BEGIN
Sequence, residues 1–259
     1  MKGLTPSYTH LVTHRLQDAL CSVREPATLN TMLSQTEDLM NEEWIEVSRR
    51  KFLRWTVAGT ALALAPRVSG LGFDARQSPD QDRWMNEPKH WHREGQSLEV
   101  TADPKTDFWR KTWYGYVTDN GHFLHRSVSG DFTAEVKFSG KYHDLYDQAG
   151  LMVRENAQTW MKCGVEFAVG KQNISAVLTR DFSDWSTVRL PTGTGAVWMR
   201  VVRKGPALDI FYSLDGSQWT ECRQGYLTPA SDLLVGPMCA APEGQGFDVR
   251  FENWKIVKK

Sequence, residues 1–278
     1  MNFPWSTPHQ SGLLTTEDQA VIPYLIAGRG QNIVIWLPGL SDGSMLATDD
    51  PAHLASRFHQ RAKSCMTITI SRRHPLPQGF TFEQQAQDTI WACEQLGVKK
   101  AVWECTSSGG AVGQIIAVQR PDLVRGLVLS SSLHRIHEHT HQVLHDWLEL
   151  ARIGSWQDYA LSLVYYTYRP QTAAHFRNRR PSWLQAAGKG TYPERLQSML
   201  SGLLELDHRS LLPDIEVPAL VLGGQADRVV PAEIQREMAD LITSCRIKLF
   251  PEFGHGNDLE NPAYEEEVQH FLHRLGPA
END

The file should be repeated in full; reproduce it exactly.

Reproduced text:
Sequence, residues 1–259
     1  MKGLTPSYTH LVTHRLQDAL CSVREPATLN TMLSQTEDLM NEEWIEVSRR
    51  KFLRWTVAGT ALALAPRVSG LGFDARQSPD QDRWMNEPKH WHREGQSLEV
   101  TADPKTDFWR KTWYGYVTDN GHFLHRSVSG DFTAEVKFSG KYHDLYDQAG
   151  LMVRENAQTW MKCGVEFAVG KQNISAVLTR DFSDWSTVRL PTGTGAVWMR
   201  VVRKGPALDI FYSLDGSQWT ECRQGYLTPA SDLLVGPMCA APEGQGFDVR
   251  FENWKIVKK

Sequence, residues 1–278
     1  MNFPWSTPHQ SGLLTTEDQA VIPYLIAGRG QNIVIWLPGL SDGSMLATDD
    51  PAHLASRFHQ RAKSCMTITI SRRHPLPQGF TFEQQAQDTI WACEQLGVKK
   101  AVWECTSSGG AVGQIIAVQR PDLVRGLVLS SSLHRIHEHT HQVLHDWLEL
   151  ARIGSWQDYA LSLVYYTYRP QTAAHFRNRR PSWLQAAGKG TYPERLQSML
   201  SGLLELDHRS LLPDIEVPAL VLGGQADRVV PAEIQREMAD LITSCRIKLF
   251  PEFGHGNDLE NPAYEEEVQH FLHRLGPA